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[Pages 89-90]

The Development of the Town

Lipa Fischer, Tel Aviv

Translated by Gloria Berkenstat Freund

The Jews contributed a great deal to the development of the shtetl Jezierna [Ozerna], starting with its external appearance. The houses that belonged to the Jews were distinguished by their nicer outer appearance, particularly the newly built ones. They were higher, built of brick on higher foundations; the roofs were covered with tin. The Jewish houses were also more beautiful inside. The floors were made of wood and the houses had large windows that opened. This had an influence on the non-Jewish population. New, small houses would appear that belonged to the non-Jews, with tin roofs instead of the former straw. The Jews had influence in other areas. For example, the best non-Jewish artisans were those who learned their trade from Jews…

In general, the Jewish settlement in Jezierna was deep-rooted; there already were Jews here in the time of the Polish King Sobieski, to whom the shtetl mainly belonged. Commerce was then in Jewish hands. The shops and inns were exclusively Jewish. In about 1860, the Jezierna estate of Count Lubomirski was transferred to the Jew, Mendil Yampoler; after the suppression of serfdom (the old feudalistic order), the Polish prince could not maintain his agrarian possessions and, as it is told, went bankrupt. Yampoler, on the other hand, adapted to the new conditions and created a blooming garden out of the abandoned fields.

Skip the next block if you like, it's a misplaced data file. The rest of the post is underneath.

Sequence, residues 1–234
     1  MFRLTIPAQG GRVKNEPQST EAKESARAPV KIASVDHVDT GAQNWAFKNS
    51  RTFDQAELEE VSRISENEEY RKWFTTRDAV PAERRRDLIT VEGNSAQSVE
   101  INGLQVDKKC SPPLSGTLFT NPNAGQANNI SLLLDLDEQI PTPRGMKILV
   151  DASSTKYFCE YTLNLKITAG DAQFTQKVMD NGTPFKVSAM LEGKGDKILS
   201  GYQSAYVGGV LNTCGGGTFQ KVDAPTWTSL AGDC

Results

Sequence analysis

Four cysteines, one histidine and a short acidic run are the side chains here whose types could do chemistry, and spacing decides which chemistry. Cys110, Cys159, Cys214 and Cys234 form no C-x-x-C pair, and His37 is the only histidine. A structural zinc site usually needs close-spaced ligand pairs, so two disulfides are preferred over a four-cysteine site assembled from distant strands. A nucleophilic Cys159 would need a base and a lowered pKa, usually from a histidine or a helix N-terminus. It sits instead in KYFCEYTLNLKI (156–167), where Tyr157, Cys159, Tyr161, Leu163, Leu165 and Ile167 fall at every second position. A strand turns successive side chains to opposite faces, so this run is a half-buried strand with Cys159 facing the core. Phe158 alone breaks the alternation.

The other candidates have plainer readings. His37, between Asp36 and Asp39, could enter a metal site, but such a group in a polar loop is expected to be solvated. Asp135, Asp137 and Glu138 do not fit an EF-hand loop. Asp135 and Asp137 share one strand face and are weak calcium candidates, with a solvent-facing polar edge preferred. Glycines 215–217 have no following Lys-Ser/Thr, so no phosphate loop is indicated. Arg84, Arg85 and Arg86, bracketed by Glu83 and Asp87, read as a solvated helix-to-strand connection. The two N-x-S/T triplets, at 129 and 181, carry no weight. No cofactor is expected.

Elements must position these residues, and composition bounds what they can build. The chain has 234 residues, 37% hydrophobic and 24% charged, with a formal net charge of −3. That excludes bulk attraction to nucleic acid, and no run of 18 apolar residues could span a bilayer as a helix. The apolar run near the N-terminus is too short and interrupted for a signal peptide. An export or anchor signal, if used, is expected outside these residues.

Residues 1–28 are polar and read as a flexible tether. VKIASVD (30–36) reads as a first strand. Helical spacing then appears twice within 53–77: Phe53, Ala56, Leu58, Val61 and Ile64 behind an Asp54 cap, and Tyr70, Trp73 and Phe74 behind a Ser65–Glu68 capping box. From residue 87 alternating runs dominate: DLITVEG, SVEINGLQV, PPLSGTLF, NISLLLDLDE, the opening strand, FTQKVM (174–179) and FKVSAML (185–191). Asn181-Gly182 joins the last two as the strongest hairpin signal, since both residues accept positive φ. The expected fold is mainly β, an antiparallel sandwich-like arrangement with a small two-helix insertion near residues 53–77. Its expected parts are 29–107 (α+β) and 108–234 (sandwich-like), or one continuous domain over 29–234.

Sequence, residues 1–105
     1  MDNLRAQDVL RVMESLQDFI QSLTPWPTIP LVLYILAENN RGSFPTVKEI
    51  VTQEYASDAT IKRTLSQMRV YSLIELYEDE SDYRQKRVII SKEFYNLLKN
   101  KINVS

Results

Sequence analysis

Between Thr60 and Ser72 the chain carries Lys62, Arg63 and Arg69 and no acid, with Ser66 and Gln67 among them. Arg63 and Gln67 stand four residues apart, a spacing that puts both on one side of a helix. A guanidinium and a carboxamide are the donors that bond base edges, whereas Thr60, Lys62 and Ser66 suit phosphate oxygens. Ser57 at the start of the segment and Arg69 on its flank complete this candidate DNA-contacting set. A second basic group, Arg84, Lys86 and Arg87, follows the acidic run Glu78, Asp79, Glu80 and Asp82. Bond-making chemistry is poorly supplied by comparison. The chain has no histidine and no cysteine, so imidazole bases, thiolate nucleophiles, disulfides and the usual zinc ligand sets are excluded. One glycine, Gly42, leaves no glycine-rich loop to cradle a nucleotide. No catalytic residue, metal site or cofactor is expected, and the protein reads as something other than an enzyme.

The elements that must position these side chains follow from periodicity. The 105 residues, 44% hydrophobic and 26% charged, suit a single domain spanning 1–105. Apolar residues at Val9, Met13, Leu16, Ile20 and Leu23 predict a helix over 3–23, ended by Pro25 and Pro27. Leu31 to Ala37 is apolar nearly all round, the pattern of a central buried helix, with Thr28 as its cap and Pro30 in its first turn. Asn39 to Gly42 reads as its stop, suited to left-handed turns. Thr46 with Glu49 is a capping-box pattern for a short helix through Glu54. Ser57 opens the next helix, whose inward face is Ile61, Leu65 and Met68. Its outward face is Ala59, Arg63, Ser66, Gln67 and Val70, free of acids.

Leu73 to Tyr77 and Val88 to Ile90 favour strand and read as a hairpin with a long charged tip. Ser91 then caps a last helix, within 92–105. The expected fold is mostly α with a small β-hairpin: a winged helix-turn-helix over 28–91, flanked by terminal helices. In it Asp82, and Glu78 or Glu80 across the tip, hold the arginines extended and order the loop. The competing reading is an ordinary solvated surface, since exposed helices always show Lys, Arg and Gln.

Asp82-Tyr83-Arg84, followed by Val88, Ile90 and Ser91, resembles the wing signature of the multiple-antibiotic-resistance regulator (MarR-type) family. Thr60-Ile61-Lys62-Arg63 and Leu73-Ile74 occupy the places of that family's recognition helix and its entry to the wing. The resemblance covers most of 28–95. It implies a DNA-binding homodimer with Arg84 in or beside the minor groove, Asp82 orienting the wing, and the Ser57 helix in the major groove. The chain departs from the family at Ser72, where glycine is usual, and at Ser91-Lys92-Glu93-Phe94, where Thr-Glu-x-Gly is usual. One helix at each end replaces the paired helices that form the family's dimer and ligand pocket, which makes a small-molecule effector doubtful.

And the Jezierna estate administered by a pious Jew became renowned in the area. There also was an alcohol factory on his estate. The factory was located in a modern building with a high chimney; when the factory was destroyed in 1915 by the retreating Russian Army, the chimney remained and stood for many years. A great significance for the economic development of the shtetl was the building of the first mechanical mill by Reb Wolf Fischer in the early years of the [20th] century, which served the Jezierna area.

Among the professionals were: Dr. Hirschhorn, who was the only medical doctor in the shtetl and the surrounding area until approximately 1910; the only apothecary was L. Mintz, a situation that existed until 1940. It appears that the above-mentioned, in general, were the first ones in the shtetl in their profession. They came to Jeziernia in the 1880's. There were also a few teachers from the Baron Hirsch School. There were more cultural leaders before the First World War, Yiddish writers, such as Shmuel-Yakov Imber, A.M. Fuchs, whose names were known throughout the world. It should be understood that in these professional areas, Jews surpassed the non-Jewish residents.

Finally, there was the Jezierna tzaddik [righteous man], Reb Shlomale [Charap], who in his youth was a dorfsgeyer [village peddler] and was elevated to a higher level by the Peremyshlyaner Rebbe, Reb Meirl, as well as the well-known Rebbe, Reb Levi-Yitzhak Monson of the Rizhiner Dynasty. His court was renowned in the Hasidic world and drew many Hasidim from the Austro-Hungarian Empire to the shtetl. The non-Jewish population also showed the Rebbe great reverence. With the outbreak of the First World War, the Rebbe's escape to Vienna brought to an end the existence of the rabbinical dynasty in Jezierna.